Asia remains the region of the developing world with the most significant volume of illicit financial flows, comprising some 38.8 percent of the developing world total over the ten years of this study. Asia is followed by the Developing Europe region (25.5 percent), the Western Hemisphere (20.0 percent), Sub-Saharan Africa (8.6 percent), and the MENA+AP (Middle East, North Africa, Afghanistan, and Pakistan) region at 7.1 percent (see Chart 3).
Similarly, Asia saw the fastest growth rate in illicit financial flows from 2004 to 2013, registering an average annual increase of 8.6 percent over that period. Developing Europe and the MENA+AP regions followed (each increasing at an average annual rate of 7.0 percent) and were in turn followed by the Western Hemisphere (3.4 percent) and Sub-Saharan Africa (3.0 percent; see Chart 2).
Sub-Saharan Africa tops the list when illicit financial flows are scaled as a percentage of gross domestic product (GDP), with illicit financial outflows averaging 6.1 percent of the region’s GDP. Developing Europe follows at 5.9 percent of GDP, Asia at 3.8 percent, the Western Hemisphere at 3.6 percent, and MENA+AP at 2.3 percent (see Table E).
The report also compares illicit financial flows to official development assistance (ODA) and foreign direct investment (FDI). illicit financial flows have exceeded those measures—combined—for seven of the ten years of this study. Despite these substantial recorded inflows, the continued growth of unrecorded, illicit outflows has a pernicious impact on development aspirations in many countries. For example: for every dollar of ODA that entered the developing world in 2012, ten dollars flowed out illicitly.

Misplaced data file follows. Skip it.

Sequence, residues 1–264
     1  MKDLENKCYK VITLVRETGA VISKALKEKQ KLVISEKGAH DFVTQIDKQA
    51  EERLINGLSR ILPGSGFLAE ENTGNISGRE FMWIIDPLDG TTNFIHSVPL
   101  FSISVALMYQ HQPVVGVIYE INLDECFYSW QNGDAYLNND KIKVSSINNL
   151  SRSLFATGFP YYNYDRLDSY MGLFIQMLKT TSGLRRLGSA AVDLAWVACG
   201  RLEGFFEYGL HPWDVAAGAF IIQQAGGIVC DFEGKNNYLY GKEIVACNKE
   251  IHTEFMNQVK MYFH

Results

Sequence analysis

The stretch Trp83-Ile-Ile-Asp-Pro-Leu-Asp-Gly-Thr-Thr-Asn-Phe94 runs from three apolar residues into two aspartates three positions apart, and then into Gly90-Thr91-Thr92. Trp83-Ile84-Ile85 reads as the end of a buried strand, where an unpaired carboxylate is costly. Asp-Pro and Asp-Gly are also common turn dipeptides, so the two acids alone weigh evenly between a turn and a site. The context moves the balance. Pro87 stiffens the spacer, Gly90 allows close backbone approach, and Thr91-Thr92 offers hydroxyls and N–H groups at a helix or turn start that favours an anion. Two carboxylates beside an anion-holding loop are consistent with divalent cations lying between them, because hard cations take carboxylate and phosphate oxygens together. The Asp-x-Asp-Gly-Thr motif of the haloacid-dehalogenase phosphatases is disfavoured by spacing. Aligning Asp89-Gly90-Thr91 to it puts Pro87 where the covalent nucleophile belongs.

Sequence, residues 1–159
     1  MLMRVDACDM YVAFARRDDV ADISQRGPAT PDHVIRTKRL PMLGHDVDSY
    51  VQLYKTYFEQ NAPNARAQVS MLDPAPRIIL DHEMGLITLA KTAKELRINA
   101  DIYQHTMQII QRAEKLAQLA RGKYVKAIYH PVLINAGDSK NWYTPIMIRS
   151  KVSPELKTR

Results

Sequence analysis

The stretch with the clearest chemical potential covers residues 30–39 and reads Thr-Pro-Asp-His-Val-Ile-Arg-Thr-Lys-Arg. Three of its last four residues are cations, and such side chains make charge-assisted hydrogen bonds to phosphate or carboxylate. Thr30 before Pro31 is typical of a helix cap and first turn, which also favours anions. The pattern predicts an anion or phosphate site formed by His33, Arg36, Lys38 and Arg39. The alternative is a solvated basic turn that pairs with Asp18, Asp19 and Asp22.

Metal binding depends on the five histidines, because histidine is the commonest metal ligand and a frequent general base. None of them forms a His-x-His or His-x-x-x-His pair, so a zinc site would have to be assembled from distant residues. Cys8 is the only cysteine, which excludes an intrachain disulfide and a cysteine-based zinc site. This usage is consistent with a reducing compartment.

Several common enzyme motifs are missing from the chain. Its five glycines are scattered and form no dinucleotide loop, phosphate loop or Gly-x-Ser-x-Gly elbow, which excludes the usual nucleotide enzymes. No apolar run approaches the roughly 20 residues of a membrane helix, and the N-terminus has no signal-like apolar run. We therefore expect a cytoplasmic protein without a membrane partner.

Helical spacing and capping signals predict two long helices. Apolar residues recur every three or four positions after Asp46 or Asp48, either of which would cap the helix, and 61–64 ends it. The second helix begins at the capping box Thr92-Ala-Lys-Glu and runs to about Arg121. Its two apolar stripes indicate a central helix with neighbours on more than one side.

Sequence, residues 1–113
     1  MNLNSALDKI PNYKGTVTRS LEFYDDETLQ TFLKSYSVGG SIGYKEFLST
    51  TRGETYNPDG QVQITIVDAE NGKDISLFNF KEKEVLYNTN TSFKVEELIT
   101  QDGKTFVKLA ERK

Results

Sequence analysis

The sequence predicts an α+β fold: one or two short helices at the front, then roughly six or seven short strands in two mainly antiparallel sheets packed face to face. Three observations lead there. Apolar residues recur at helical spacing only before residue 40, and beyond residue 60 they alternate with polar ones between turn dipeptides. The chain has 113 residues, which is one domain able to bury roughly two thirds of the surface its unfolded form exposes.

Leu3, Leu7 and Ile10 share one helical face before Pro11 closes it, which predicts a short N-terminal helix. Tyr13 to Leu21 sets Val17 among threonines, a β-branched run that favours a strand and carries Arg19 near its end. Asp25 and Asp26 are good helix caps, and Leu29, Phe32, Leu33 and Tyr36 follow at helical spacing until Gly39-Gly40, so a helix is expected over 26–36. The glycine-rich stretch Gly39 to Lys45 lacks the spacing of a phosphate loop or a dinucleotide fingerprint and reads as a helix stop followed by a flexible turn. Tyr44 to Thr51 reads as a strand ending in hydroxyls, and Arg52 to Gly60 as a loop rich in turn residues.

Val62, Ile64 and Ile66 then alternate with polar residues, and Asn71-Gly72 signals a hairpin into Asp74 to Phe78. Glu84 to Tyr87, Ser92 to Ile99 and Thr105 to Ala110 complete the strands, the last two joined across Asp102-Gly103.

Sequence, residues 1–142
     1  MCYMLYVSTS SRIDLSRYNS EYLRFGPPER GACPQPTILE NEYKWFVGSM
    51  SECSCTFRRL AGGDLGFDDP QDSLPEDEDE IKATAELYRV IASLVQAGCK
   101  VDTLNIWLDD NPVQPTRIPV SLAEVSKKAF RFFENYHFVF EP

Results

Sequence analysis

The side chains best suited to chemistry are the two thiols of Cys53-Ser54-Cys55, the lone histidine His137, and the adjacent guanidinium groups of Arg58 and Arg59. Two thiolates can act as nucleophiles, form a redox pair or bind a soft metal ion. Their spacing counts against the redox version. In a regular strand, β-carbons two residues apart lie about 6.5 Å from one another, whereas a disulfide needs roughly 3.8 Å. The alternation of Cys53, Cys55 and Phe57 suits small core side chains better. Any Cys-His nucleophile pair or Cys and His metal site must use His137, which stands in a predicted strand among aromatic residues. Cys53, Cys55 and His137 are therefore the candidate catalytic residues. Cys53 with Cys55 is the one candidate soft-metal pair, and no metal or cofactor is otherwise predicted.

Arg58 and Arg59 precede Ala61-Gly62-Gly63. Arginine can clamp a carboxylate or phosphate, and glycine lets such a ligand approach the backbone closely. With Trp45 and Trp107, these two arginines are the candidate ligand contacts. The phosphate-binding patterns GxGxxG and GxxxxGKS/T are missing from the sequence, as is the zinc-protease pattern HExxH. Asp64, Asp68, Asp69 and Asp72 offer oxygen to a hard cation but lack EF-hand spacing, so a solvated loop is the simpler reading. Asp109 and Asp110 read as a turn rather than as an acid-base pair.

Given the particularly high level of illicit flows due to trade misinvoicing, this report includes a special section that examines the phenomenon in the context of trade based money laundering (TBML) in drug-producing and/or drug-trafficking states. By comparing trade misinvoicing figures to total trade in drug-producing and drug-trafficking states, there are indications that drug traffickers may be using trade misinvoicing to shift ill-gotten gains.
This year, illicit financial flows became part of development orthodoxy in the UN’s Sustainable Development Goals and at the Financing for Development Conference in Addis Ababa. World leaders still have much to do to curb the opacity in the global financial system that facilitates these outflows. GFI recommends a number of steps that governments and other international regulators can take to develop greater financial transparency and curtail illicit outflows.
- Governments should establish public registries of verified beneficial ownership information on all legal entities, and all banks should know the true beneficial owner(s) of any account opened in their financial institution.